You cannot start a computer from a USB flash drive that is formatted to use the FAT32 file system
This article provides a workaround to solve the issue that the computer startup fails when you use a USB flash drive that's formatted to use the FAT32 file system.
Original product version: Windows Server 2012 R2
Original KB number: 954457
You format a USB flash drive to use the FAT32 file system. When you try to start the computer from this USB flash drive, the startup process stops responding, and the screen is black.
This issue occurs because the USB flash drive is listed as removable media. Therefore, the Windows operating system does not create a master boot record (MBR) on the USB flash drive when you format the flash drive to use the FAT32 file system. The USB flash drive is treated as a super floppy disk. The FAT32 startup code does not support starting a computer from a super floppy disk without an MBR.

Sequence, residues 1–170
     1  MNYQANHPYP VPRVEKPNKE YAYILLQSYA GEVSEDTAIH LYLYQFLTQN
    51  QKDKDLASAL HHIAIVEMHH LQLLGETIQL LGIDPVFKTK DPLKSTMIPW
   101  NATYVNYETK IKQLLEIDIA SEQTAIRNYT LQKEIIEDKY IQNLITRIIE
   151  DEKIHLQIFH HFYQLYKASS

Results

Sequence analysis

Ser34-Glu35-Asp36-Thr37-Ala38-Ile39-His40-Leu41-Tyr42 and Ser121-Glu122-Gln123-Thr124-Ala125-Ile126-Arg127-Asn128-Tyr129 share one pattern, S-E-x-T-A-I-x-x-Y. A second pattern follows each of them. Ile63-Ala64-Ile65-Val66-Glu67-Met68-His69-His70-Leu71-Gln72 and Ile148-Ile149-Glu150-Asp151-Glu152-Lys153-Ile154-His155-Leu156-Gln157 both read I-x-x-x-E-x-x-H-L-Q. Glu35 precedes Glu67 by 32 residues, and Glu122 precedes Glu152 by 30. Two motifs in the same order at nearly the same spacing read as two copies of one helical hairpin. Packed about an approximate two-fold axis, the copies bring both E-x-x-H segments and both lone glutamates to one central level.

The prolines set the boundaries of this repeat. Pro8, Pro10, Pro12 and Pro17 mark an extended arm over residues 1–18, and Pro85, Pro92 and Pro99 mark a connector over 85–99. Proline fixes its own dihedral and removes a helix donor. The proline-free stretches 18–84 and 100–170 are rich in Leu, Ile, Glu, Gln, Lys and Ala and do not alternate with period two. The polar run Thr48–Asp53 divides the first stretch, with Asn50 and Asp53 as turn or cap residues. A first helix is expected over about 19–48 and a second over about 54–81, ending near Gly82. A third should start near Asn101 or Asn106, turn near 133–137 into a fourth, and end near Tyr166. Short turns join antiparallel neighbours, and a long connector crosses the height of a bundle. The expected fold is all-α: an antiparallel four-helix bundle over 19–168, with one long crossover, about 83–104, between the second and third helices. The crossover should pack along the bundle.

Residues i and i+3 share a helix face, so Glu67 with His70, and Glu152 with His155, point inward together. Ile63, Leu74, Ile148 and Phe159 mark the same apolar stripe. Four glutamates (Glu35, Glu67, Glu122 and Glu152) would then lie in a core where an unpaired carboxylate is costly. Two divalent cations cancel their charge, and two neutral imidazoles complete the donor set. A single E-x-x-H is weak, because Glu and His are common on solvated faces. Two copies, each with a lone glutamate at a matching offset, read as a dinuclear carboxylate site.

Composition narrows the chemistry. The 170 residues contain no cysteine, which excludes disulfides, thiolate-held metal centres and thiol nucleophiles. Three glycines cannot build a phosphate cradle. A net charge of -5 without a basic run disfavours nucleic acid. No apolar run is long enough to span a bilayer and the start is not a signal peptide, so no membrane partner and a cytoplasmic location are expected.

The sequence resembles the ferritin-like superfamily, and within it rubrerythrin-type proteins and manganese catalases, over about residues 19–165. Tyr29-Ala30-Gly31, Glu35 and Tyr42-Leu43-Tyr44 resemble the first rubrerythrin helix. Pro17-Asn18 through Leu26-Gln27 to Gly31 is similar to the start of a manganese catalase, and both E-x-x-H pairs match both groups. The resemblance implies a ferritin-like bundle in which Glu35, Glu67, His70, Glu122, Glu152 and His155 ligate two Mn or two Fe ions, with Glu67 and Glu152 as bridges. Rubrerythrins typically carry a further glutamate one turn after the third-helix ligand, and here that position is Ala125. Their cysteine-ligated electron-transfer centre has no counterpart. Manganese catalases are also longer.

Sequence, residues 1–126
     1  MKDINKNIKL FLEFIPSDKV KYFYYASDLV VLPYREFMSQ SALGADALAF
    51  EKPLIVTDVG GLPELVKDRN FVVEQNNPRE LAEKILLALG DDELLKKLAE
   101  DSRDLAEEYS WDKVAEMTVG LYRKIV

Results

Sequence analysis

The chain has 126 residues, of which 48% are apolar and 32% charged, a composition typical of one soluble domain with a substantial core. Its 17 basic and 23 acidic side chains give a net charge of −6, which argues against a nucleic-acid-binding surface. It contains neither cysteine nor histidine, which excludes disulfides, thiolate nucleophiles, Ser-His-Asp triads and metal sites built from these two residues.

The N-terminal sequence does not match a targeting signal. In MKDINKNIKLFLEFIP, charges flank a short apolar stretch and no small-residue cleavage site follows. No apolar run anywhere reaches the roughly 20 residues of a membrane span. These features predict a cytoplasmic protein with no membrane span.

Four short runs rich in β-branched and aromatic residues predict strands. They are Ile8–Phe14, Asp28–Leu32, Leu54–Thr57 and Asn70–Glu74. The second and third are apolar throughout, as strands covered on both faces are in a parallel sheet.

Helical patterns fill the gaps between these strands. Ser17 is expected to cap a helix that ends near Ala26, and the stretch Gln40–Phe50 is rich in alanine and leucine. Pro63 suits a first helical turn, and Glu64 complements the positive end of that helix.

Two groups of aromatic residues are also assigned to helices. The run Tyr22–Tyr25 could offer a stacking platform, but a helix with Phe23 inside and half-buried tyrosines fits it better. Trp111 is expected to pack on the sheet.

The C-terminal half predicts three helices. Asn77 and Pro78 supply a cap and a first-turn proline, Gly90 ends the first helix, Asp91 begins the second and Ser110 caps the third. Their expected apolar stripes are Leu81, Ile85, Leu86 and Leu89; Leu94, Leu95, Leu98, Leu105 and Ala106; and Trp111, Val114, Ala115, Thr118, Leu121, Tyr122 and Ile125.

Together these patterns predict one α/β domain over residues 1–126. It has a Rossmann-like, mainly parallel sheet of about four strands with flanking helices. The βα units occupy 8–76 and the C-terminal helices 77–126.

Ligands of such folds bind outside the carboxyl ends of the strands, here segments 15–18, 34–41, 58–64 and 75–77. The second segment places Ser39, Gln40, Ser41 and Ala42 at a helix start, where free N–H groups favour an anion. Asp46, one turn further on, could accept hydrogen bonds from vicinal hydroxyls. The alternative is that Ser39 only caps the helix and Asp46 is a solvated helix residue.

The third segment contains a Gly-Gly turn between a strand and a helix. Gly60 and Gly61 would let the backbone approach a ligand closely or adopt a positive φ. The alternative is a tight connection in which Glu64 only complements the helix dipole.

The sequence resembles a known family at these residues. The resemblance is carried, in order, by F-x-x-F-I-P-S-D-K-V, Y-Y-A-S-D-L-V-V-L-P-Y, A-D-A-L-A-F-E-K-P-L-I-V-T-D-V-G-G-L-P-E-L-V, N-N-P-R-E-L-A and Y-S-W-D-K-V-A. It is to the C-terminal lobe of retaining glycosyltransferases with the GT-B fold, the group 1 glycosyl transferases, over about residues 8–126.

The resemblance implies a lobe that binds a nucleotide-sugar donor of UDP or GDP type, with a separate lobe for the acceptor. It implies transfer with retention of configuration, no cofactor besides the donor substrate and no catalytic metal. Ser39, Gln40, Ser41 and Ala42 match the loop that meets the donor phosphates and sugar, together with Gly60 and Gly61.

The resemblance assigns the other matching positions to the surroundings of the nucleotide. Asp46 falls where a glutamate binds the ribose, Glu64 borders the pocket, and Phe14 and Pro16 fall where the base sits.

The BIOS tries to transfer the control of the startup from the USB flash drive to the FAT32 startup code, even though the FAT32 startup code doesn't support this scenario.
To work around this issue, use the
Diskpart command prompt utility to create and format the boot partition on the USB flash drive.
For more information about how to use
Diskpart, see DiskPart Command-Line Options.
How to differentiate between the MBR and the boot sector
Currently, the Windows operating system uses signatures at offset 3 in the boot sector to determine whether the sector is a boot sector. These signatures don't appear in the MBR. The signatures are as follows:
- FAT16: MSDOS5.0
- FAT32: MSDOS5.0
- NTFS: NTFS
How to determine whether the boot sector is FAT32, FAT16, or NTFS
To determine whether the USB flash drive was formatted by using the FAT32, FAT16, or NTFS file system, you must check two strings in the boot sector. If the strings contain FAT32, FAT16 or NTFS, the boot sector was formatted in that particular file system format.